For those who make dining out an experience and don’t mind driving a few miles to get there.
The Velveteen Habit in Ogunquit is housed in a farmhouse built in 1765. The restaurant sits on four acres of land, where you’ll find 300 year old heirloom apple trees and a very extensive organic garden — a garden any chef would love to have outside their kitchen. It is this kind of New England authenticity and the terroir that attracted Benjamin Goldman and his wife Cristine to the property.
As most people know, owning a restaurant is a huge risk financially and usually means a tremendous time commitment. I asked Ben what motivated him to purchase this property. “We wanted to create something where we could make a real splash — something where we could make an impact and a true experience for people. The farmhouse is so New England authentic — when I bought the property in the fall of 2014, I took the structure back to floors and walls and built everything for The Velveteen Habit; new paint, light fixtures, a brand new bar speakeasy-style wall full of copper and mahogany, new banquettes for seats, antique mirror walls, Brooklyn style factory windows, tables, and chairs.”
Ben and Cristine encourage their guests to arrive early so that they can explore the property. They would like for guests to see what the growers are growing, check out the chickens in the coop — they’d like for them to see, smell and touch everything. Guests can then meander indoors to select a special wine from an extensive list compiled by Ben himself.
Ben completed the sommelier course at the International Culinary Center in New York City. Truth be known, few restaurant owners study wine as extensively as Ben has. I asked Ben if he expected ownership of a restaurant to follow the taking of his sommelier exams. He assured me that he never expected wine to be more than a hobby; it was his love of restaurants and hospitality that drew him to restaurant ownership. Ben is proud of his comprehensive and eclectic wine list. He’s been very thoughtful about the customer he is serving and the food the wine is paired with. Staff training on wine is Ben’s job and he’s serious about getting it right. I could not help but wonder if one more restaurant with a good wine list is what Maine needs.
Ben feels strongly about the absence of cutting edge restaurants in his area, growing food on site and showing local products - he believes his restaurant accomplishes a high level of sophistication with a metropolitan flair. “We are 35 minutes from Portland and 90 minutes from Boston. And we sit directly between two hubs of great food from great restaurants; Portland and Portsmouth. We feel we can fill a void for folks who don't want to drive to a city or deal with parking.”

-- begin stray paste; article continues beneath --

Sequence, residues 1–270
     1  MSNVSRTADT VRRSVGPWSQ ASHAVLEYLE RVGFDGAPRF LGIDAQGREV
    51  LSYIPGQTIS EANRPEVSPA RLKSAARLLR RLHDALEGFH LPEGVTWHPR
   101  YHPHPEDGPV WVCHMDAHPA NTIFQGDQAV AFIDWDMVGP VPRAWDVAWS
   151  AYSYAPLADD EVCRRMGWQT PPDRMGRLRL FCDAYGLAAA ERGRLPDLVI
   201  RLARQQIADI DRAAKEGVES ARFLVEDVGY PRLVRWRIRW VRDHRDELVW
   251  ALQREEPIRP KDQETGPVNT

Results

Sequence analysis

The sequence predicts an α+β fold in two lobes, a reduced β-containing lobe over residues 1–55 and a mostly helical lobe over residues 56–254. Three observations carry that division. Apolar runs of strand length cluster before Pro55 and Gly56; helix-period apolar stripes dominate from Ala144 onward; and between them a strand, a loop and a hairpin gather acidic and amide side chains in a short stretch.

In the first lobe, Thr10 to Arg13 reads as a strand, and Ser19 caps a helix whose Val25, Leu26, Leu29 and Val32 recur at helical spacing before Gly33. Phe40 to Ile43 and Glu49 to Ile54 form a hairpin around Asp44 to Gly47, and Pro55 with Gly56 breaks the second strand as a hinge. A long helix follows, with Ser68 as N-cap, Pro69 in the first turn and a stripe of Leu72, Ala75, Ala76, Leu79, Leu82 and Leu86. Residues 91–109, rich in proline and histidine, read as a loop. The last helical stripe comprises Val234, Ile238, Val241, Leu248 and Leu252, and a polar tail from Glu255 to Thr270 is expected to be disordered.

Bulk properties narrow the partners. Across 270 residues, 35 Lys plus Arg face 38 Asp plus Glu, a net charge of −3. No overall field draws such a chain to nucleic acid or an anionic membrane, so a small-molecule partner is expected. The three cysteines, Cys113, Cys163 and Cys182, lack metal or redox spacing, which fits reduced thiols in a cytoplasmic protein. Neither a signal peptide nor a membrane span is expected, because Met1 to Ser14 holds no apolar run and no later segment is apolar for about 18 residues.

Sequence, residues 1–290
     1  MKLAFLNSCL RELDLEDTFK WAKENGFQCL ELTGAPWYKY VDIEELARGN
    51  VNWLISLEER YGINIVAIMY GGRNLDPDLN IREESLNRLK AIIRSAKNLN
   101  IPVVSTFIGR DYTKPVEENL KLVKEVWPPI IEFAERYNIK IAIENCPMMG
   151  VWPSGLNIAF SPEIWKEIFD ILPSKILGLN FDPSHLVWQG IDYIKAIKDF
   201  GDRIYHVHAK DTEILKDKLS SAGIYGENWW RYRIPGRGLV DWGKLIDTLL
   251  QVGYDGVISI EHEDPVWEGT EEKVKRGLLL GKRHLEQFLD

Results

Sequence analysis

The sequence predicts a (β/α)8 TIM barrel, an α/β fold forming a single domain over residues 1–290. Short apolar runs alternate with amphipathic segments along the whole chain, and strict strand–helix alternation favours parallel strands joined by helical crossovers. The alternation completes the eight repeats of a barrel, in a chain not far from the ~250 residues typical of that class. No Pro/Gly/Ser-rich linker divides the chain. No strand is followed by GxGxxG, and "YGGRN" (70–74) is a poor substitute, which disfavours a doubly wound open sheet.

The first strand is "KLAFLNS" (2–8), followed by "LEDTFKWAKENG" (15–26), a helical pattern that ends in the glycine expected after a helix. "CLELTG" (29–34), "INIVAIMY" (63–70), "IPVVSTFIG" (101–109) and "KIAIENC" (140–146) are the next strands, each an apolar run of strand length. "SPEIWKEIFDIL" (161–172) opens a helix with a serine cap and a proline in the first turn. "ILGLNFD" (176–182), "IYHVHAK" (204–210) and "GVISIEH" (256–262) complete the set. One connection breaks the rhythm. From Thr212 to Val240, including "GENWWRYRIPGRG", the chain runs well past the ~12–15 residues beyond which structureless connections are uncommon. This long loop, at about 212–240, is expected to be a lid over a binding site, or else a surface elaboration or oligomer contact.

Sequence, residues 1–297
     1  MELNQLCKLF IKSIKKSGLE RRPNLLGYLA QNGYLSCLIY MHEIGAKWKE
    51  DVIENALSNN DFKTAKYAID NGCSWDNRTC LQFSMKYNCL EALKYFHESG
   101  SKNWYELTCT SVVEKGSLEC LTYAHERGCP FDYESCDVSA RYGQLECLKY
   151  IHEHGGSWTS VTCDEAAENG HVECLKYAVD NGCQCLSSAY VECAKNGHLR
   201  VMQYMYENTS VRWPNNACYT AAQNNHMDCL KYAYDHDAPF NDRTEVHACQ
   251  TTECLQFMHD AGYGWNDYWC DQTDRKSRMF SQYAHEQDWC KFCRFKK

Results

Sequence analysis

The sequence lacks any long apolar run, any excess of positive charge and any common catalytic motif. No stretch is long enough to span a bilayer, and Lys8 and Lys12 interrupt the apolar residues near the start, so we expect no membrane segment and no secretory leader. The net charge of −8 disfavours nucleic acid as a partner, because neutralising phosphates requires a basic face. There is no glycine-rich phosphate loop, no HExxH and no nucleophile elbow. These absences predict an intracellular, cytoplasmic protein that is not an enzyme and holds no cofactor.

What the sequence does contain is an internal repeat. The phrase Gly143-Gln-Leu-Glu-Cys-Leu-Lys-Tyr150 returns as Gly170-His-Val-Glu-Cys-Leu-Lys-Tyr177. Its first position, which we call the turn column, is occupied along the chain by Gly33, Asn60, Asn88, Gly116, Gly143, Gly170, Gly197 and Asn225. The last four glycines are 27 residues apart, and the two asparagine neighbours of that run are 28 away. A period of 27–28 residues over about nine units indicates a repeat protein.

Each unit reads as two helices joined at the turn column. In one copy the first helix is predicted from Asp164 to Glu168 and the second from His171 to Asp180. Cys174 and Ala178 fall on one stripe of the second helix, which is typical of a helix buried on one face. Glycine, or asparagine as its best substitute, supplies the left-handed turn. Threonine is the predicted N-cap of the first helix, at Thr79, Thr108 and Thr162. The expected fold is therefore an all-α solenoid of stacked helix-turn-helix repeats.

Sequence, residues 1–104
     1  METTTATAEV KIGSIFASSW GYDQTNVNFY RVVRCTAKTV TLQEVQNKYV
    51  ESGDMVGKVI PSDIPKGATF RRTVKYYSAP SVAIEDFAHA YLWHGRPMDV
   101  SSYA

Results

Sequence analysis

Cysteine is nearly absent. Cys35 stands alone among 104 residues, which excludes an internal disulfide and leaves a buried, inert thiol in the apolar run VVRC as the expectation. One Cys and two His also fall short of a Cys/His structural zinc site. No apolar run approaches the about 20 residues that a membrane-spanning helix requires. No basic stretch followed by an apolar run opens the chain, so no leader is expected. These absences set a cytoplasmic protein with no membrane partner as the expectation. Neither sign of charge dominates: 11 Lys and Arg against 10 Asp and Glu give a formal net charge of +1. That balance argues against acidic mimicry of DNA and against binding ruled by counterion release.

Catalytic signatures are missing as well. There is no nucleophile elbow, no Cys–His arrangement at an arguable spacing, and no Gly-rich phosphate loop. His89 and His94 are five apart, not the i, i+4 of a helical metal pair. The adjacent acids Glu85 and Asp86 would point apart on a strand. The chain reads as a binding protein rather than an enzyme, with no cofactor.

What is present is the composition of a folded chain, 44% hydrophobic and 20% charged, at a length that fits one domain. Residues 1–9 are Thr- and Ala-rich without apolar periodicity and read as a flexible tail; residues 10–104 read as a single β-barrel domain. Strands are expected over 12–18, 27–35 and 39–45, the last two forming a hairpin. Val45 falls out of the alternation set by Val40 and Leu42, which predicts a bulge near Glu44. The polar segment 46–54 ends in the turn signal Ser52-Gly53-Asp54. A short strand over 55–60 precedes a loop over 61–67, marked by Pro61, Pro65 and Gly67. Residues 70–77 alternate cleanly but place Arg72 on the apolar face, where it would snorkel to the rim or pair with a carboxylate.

Ben interviewed 16 chefs while in the middle of the buildout. He decided on Chris Wilcox because he felt that Chris understood farm-to-fork cuisine as well as he understood the palate of an educated diner. The menu is completely collaborative; both he and Chris are curious about food in general and they both like to push the envelope as far as they can. Ben provides Chris a great deal of freedom and has been very pleased with the food that ends up on the plate.
The menu is a combination of what is tried and true, seasonal and also includes dishes you may not have tried before. An extensive charcuterie program and cheese selection will not disappoint. And if you’re a local, you’re in luck; Ben and Cristine keep a few tables aside for guests living in the area. They maintain a strong relationship with local inns and B&Bs and Ben and Cristine have made it their business to participate in charity auctions, museum fundraisers, and the Kennebunk Food Festival to name a few.
I attended theirsecond annual Memorial Day Pig Roast. Last year 150 people attended the Roast and this year more than 200. This was a casual event which took place outside the restaurant. It felt like a neighborhood block party — lots of good food and beer or wine. Ben and Cristine are pleased to take advantage of Maine’s mild spring and summer weather and they cannot resist throwing a delicious party.
I asked Ben what we can all expect from the Velveteen Habit in the future:
“Everything we do now but edgier, more inventive and more pronounced. As our following grows and our staff gets stronger, it will allow us to focus on being more creative in all ways — menu, cocktails, drinks, food, events, etc.” I for one am looking forward to treating myself to a Velveteen experience again and again.
- Published in Food + Drink